University of Rochester Medical Center scientists believe they are the first to identify genes that underlie the growth of primitive leukemia stem cells, and then to use the new genetic signature to identify currently available drugs that selectively target the rogue cells.
Although it is too early to attach significance to the drug candidates, two possible matches popped up: A drug in development for breast cancer (not approved by the Food and Drug Administration), and another experimental agent that, coincidentally, had been identified earlier by a URMC laboratory as an agent that targets leukemia cells.
The research not only provides a better understanding of the basic biology of leukemia it uncovered genes not previously known to be associated with the disease -- but demonstrates a powerful strategy for drug discovery, said senior investigator Craig T. Jordan, Ph.D., the Philip and Marilyn Wehrheim professor of Medicine at URMC and the James P. Wilmot Cancer Center.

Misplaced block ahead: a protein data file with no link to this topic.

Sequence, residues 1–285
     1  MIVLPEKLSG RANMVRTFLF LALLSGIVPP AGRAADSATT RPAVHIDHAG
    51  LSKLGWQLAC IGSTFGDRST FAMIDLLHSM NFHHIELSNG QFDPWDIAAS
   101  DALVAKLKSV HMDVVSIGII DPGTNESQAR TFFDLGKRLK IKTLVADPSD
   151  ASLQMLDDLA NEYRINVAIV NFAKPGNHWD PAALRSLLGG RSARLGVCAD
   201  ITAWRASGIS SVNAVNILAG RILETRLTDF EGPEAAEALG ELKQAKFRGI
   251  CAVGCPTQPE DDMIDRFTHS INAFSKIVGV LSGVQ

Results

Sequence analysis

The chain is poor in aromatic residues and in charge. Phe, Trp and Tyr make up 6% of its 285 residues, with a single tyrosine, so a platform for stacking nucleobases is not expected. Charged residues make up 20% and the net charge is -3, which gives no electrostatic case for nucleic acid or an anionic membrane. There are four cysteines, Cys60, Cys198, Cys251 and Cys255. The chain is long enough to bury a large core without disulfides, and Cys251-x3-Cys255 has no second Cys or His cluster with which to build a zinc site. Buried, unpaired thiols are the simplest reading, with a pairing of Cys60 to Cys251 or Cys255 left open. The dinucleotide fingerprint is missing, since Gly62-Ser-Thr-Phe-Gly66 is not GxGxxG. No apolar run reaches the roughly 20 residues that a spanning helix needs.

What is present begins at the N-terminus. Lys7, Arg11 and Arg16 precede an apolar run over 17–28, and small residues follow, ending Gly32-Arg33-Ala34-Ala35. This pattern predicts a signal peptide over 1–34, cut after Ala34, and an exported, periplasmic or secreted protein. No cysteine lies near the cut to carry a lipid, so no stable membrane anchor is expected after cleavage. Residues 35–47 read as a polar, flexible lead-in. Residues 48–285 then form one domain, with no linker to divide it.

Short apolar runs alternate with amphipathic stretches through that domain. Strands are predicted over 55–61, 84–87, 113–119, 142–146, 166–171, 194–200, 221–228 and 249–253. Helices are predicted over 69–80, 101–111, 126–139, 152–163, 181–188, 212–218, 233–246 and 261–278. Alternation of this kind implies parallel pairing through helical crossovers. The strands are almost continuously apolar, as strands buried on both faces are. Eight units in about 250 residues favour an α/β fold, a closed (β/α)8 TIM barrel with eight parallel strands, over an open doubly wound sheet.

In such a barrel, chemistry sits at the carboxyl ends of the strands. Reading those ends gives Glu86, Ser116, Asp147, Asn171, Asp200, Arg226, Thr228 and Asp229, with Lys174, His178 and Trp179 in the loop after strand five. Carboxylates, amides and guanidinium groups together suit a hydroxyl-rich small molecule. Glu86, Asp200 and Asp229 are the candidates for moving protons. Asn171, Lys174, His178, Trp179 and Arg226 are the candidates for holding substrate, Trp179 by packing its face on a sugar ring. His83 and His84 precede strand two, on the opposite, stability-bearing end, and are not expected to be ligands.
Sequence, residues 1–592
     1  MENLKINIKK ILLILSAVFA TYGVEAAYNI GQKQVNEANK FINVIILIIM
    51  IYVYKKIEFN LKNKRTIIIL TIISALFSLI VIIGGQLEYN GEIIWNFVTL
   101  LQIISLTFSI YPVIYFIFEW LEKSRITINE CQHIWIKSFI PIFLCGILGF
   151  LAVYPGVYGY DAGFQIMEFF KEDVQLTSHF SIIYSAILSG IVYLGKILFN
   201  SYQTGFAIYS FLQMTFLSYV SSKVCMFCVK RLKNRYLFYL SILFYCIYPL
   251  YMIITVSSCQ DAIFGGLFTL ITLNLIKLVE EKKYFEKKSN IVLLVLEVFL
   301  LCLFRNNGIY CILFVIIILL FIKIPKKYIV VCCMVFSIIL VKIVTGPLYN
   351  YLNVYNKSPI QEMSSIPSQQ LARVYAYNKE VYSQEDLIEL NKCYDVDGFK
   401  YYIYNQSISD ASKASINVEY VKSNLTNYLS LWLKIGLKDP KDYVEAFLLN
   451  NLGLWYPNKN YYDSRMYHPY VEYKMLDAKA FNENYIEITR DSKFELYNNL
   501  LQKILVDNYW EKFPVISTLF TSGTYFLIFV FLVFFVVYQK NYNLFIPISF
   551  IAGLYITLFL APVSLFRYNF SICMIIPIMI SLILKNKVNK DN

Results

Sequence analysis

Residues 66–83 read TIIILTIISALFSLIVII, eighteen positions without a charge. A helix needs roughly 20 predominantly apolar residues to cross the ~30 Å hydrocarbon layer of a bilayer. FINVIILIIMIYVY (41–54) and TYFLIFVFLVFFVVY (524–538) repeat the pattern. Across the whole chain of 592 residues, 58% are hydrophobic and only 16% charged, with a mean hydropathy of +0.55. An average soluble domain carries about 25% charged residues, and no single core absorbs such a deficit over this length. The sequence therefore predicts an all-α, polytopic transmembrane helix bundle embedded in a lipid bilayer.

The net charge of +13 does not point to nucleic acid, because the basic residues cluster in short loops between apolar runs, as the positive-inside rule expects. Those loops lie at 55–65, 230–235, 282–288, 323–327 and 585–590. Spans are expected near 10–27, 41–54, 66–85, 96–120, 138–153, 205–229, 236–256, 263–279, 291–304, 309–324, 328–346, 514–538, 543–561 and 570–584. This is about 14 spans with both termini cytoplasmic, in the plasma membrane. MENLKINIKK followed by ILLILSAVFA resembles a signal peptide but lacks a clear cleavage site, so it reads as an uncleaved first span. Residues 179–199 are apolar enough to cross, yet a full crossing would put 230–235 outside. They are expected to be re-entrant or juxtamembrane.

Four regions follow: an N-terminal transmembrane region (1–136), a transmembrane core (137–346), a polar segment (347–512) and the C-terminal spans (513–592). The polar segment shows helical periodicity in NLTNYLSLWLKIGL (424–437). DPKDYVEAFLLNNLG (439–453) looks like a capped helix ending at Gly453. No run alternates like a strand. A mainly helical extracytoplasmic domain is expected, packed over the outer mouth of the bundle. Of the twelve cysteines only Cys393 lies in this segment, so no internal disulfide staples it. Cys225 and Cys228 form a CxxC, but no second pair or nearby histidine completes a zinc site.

First author John Ashton, PhD, led the study, which was published this month in the journal Cell Stem Cell.
"Our work is both basic and translational, and is an example of a terrific collaboration," Jordan said. "We were able to use the latest technology to expand very strong basic laboratory concepts and conduct an intriguing analysis that may yield new insights for treatments of leukemia."
Jordan studies leukemia stem cells, which, unlike normal cells, renew uncontrollably and are believed to be the first cells at the root of malignancy. He collaborated with Hartmut (Hucky) Land, Ph.D. and Helene McMurray, Ph.D., investigators in the Biomedical Genetics Dept at URMC, who study the principle that cancer evolves from a unique, interactive network of genes that are governed by a distinct set of rules.
In 2008 Land's laboratory published a paper in Nature reporting on a pool of approximately 100 genes that cooperate to promote colon cancer. The Land laboratory coi
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University of Rochester Medical Center